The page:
Project Based Learning in Embedded Systems: A Case Study

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Wildermoth, Brett
Rowlands, David
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Llewellyn Mann & Scott Daniel


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Melbourne, Australia


BACKGROUND In this paper we describe our application of the principles of Project Based Learning (PBL) to a fourth year embedded electronics design course. The course is fundamental to the computer systems major and therefore crucial that students gain an in depth understanding of the concepts covered. Through the use of a reconfigurable development platform called the Nanoboard 3000, students explore digital design, embedded system development, and digital signal processing. PURPOSE This paper reports on the application of PBL to increase the level of engagement and learning outcomes for students enrolled in the final year embedded electronics course. DESIGN/METHOD In order to be able to apply the principles of PBL to the course "advanced embedded systems" we had to find a project that was: real world; met the education requirements of the course; was engaging to the students; and provided an avenue for self-learning. The practical component of this course provided the perfect opportunity to incorporate these principles. However, since many of the concepts taught in this course are new to the students, a series of structured laboratories are provided in the first half of the semester. During the second half of the semester, students are given the opportunity to chose any game from the 1980's and develop it for the Nanoboard 3000. RESULTS Since 2009 to present day, we have implemented the principles of PBL within the course "advanced embedded systems". We show the positive role it has played within this course through the use of student survey results, observations of student behaviour, written feedback from the students, and distribution of grades, over the past 3 years. Results from the student survey have resulted in this course to be ranked in the top 12.5% of the courses within the university. The student survey ranks the average effectiveness of this course between 6.4 and 6.7 on the 7-point likert scale, with a standard deviation in the range of 10% to 20%. The written student feedback was extremely positive; one such comment is included below. Practical Applications with an extremely interesting assessment item made this a very fun and engaging course. This would be the subject I have most enjoyed over the duration of my entire degree The observations made of the students' behaviour showed that the students had pride in their work and were responsible for their own learning. The grade distributions for this course show that half the class achieved more than 85% in 2010 and 2011 and less than 15% failed to met the minimum learning outcomes for the course. CONCLUSIONS Our aim was to extend the principles of PBL into the course "advanced embedded systems". We achieved this using a structured laboratory component and a game based project. During the labs students gained the confidence to complete the project and the project gave them ownership of their solution. The feedback from the students, both numerically and written showed positive support for the course. The grade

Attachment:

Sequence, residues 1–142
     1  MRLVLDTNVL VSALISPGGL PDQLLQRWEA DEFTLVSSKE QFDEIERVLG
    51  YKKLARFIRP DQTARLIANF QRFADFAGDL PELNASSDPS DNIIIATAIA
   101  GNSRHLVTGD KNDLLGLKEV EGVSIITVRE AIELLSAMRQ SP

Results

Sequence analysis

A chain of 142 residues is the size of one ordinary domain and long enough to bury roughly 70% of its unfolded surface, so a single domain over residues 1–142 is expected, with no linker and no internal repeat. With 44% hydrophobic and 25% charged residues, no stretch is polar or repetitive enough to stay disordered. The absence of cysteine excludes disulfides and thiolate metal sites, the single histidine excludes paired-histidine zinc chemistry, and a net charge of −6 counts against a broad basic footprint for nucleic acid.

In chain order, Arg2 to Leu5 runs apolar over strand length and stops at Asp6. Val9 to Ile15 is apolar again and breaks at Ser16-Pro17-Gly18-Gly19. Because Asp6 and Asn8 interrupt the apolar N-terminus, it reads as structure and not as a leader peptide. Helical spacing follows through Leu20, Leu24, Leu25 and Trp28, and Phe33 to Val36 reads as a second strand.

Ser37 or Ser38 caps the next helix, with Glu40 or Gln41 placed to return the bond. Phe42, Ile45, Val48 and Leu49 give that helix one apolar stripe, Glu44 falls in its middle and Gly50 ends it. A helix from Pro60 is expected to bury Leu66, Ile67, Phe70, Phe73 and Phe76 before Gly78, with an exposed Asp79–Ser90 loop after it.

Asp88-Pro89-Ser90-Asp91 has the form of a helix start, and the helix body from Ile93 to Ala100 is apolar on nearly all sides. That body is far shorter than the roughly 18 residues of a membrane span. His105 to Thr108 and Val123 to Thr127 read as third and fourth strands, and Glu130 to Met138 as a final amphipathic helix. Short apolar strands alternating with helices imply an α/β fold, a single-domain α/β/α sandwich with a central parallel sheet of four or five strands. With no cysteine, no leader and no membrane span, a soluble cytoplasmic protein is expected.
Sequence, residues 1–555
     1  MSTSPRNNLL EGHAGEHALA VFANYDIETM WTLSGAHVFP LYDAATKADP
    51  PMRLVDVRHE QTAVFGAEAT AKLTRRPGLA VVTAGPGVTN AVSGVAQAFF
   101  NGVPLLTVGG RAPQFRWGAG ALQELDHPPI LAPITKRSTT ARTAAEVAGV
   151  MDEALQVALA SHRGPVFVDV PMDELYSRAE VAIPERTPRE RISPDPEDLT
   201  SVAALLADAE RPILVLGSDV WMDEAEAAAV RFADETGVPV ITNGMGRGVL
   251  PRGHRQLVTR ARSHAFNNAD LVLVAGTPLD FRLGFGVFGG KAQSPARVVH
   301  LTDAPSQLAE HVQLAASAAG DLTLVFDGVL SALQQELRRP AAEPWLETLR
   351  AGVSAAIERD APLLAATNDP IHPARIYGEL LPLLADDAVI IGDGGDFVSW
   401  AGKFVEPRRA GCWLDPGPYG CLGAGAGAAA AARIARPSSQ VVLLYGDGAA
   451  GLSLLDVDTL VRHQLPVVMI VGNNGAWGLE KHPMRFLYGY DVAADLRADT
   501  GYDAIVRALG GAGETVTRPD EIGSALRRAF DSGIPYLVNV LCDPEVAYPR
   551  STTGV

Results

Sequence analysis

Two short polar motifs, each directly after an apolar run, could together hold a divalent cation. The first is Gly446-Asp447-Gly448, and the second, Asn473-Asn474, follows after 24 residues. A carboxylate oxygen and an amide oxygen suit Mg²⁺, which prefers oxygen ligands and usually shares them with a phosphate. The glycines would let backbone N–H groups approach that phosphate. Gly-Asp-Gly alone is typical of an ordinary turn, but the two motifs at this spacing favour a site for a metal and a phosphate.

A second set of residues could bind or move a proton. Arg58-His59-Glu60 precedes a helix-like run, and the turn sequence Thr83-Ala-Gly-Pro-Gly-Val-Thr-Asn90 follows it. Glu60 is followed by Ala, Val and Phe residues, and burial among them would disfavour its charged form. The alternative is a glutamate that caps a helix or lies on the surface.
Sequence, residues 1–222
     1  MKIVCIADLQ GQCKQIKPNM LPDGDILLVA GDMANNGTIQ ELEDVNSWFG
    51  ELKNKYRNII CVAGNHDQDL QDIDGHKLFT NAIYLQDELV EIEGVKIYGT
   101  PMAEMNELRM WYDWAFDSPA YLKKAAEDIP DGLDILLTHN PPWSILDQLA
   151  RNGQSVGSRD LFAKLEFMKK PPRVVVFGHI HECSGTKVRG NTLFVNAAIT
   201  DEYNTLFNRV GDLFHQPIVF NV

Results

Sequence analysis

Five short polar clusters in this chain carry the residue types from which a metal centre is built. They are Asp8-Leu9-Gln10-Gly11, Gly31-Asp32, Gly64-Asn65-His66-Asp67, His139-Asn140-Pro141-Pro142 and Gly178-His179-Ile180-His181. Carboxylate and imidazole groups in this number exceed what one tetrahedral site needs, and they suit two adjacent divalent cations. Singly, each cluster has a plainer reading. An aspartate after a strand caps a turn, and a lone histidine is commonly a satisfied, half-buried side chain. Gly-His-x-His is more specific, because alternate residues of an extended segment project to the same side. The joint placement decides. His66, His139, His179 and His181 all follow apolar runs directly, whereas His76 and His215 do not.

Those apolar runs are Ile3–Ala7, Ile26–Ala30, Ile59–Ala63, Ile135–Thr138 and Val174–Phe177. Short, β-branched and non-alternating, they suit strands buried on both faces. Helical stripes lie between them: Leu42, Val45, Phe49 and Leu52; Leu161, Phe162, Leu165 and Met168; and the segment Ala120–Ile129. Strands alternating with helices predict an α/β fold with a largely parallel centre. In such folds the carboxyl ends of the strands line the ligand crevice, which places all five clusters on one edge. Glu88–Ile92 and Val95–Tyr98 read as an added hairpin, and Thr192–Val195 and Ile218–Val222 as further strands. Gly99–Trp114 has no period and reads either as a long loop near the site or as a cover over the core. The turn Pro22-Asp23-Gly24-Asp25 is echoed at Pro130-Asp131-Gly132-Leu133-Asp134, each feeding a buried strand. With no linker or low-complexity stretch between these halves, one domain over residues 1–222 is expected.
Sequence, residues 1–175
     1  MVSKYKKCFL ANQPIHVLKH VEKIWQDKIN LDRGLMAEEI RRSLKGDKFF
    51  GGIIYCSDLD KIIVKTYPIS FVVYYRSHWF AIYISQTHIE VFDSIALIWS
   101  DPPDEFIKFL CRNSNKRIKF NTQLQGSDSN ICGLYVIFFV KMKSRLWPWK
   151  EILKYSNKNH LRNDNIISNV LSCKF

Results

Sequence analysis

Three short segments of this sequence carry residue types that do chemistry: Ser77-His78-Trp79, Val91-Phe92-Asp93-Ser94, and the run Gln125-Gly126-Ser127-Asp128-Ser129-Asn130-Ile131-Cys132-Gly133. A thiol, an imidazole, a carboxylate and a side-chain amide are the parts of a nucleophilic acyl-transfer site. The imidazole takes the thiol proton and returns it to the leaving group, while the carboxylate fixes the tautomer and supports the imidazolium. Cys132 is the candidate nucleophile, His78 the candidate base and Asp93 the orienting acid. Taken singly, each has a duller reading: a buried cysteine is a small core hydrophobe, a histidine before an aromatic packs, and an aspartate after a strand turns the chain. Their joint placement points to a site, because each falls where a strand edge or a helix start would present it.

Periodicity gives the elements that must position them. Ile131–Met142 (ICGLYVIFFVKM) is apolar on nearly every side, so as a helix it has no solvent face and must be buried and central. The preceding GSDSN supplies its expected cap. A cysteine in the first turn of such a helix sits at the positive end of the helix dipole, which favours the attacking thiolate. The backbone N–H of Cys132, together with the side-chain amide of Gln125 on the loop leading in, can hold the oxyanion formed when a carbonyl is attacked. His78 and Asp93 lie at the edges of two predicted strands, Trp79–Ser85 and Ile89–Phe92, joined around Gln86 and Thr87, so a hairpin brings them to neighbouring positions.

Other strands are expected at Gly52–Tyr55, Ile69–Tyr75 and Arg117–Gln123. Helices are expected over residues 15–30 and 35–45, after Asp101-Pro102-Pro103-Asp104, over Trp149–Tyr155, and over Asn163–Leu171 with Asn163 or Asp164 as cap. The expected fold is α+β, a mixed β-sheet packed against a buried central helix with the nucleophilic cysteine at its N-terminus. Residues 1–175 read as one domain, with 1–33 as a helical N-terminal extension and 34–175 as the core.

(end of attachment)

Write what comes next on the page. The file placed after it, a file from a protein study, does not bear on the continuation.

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Proceedings of the 23rd Annual Conference for the Australasian Association for Engineering Education (AAEE) - The Profession of Engineering Education: Advancing Teaching, Research and Careers

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© The Author(s) 2012. The attached file is posted here with permission of the copyright owners for your personal use only. No further distribution permitted. For information about this conference please refer to the publisher’s website or contact the authors.

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Educational Technology and Computing

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